I always see people asking about Ledges and for good reason; it has some of the area’s most interesting trails and challenging inclines! I took my son the summer that we moved here and he had a wonderful time splashing in the waterways across the main canyon road, but we hadn’t made the trip recently. This past weekend’s beautiful weather clinched the deal and we took a Sunday morning hike up!
You can see more specific details on the Ledges State Park page below or check out its location on the interactive map.
I highly recommend printing off the PDF trail map. There is a great overview of the trails on Iowa Parklands that I read through before we went. You’ll pull up to this official sign and see some park buildings off to the right – you can also turn left on the unmarked road before you enter the park, and then take the first right to find the Lost Lake trail we went on, but you can only access the canyon road and trails going around the other way.
We drove through the canyon first, the signs guide you clearly and once you’ve entered there is only one direction. There are several (at least 3, I should have counted) spots where the water runs over the road and makes for a great splash spot.
Giant sandstone walls are a unique feature, with the highest trails (as shown by the guardrails above) along the canyon road. I had planned on us also attempting to hike up to the Crow’s Nest viewing spot, but we ran out of time!
Lots of shallow sandbars for playing and throwing rocks as well.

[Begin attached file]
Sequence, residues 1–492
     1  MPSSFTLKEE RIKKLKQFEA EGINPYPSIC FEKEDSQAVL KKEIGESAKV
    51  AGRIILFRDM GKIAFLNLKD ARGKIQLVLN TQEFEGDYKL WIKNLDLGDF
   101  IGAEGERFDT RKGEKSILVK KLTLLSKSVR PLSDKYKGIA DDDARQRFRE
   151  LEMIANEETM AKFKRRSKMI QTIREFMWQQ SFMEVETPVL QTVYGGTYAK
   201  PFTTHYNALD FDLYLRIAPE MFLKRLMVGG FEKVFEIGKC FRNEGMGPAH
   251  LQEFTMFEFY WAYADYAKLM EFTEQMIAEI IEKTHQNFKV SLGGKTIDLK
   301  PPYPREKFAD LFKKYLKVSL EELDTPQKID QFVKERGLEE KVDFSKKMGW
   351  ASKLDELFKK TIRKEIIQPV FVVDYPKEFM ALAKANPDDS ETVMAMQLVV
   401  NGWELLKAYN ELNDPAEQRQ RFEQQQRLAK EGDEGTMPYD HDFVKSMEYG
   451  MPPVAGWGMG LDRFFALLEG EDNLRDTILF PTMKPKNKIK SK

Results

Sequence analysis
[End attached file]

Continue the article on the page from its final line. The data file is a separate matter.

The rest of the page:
This bridge tends to be photographed a lot – it is fun to run over, too!
We kept driving out of the canyon one-way and headed over to the Lost Lake trail. You almost feel like you’ve left the park on the way over, it’s pretty sparse, but you can’t miss the parking lot and sign. This trail has an accessible loop that is packed gravel and wheelchair/stroller friendly, but there are several more elevated dirt trails that jut off the main path.
Along the main path and surrounding the lake, there are several interpretive signs with wildlife information. These make a great motivator for kids who might drag their feet a bit – racing to the next sign is an easy sell.
My son followed a little deer trail and found this amazing rock overlook! The view was so pretty, even though most of the trees had lost their leaves.
We hiked back down and took the main path back around the lake and back to the parking lot – but not before admiring the colors from this angle. My Geocaching app told me there was a cache nearby, so we decided to look for that. It was so exciting, my 19-month-old spotted it first, making it her first cache!
It was a really great one, called “Lost Lake Found”, and was perfect for geocaching with kids. Relatively close to the path, pretty easy to find, and full of trinkets. I’m hoping to make a long list of similar caches, so if you geocache and have any kid-friendly favorites, please leave a comment! If you have no idea what I’m talking about or have been meaning to figure out what geocaching is all about, check out this post for a Geocaching 101, it’s so much fun.
The one drawback? There was a lot of trash! I always carry garbage and a recycling bag to scoop stuff out, and they were both full after this short, 1-mile hike. This was a great loop that I’ll be recommending to folks with younger kids, and we’re looking forward to going back and exploring some of the other trails soon.